The sector finally got to see the consumer duty proposals this week, the FCA’s big idea for replacing and beefing up TCF.
Money Marketing covers advisers’ reactions to the duty after seemingly overfocusing on other experts.
Very interesting from Informed Choice's Nick Bamford who has been quite cynical about the regulator in recent years.
He says: “The cynic in me thinks this is yet another regulatory initiative in an attempt to brush aside the heavy load of criticism that they have received for not doing their job well enough in previous years.
“But protecting the consumer from poor or corrupt practice is too important to allow my cynicism to get in the way.
“It’s all about the combination of suitability, transparency, risk management and clear communications and personally don’t know one financial planning firm that isn’t already going to heroic lengths to deliver on these points.”
As AJ Bell’s Tom Selby notes in his neat assessment also for Money Marketing, the Consumer Duty will, for all intents and purposes, replace FCA Principles 6 (the requirement to treat customers fairly) and 7 (the requirement to communicate in a way that is clear, fair and not misleading) with a new Principle 12. This runs as follows -
Principle 12 (‘the Consumer Principle’) requires firms to act to deliver ‘good outcomes’ for retail customers.
This new Principle will be governed by three ‘cross-cutting rules’ that state firms must:
act in good faith
avoid causing foreseeable harm
enable and support retail customers to pursue their financial objectives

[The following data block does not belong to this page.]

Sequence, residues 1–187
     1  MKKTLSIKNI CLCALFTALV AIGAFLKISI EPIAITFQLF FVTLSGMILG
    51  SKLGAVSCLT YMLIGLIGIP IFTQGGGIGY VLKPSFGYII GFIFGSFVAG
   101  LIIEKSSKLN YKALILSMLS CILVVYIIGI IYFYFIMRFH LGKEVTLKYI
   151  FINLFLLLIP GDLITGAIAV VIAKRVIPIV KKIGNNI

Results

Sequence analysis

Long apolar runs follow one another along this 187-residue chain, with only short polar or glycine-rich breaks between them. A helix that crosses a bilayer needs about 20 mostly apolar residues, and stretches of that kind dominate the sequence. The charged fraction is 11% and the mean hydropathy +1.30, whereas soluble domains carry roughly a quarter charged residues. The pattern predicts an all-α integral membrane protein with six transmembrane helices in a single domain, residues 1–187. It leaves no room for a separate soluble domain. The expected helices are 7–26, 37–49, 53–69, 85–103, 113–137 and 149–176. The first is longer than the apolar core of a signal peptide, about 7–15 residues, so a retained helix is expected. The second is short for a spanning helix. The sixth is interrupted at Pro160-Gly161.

In turn, the FCA says it wants to see ‘good outcomes’ in four broad areas:
Products and services
Price and value
The FCA's decision to extend the implementation period of its Consumer Duty followed concerns raised by industry respondents who claimed the original timetable was “highly challenging” and “overly short”. The industry is still grumbling about only getting nine months more.
Firms now need to apply the duty to new and existing products and services that are open to sale (or renewal) from 31 July 2023, with firms given longer, until 31 July 2024, to apply the duty to products and services held in closed books.
The requirements on closed offices are seen as one of the main benefits of the reforms for advisers as it may help them in their travails with closed platforms. The duty demands that agents of investors are treated in a similar way to investors themselves.
There is speculation in FTAdviser that the duty will spark test cases at FOS and it does hand considerable influence to FOS in determining fair value or not. It is one potentially significant downside for advisers.
In other news, HMRC has taken around £6bn in IHT receipts in the 2019-20 tax year with a rise of 14 per cent on the previous year. Commentators note the ongoing impact of the threshold freeze though, of course, that does not just attach to this tax of course.
The FCA has begun regulation of pre-paid funeral plans.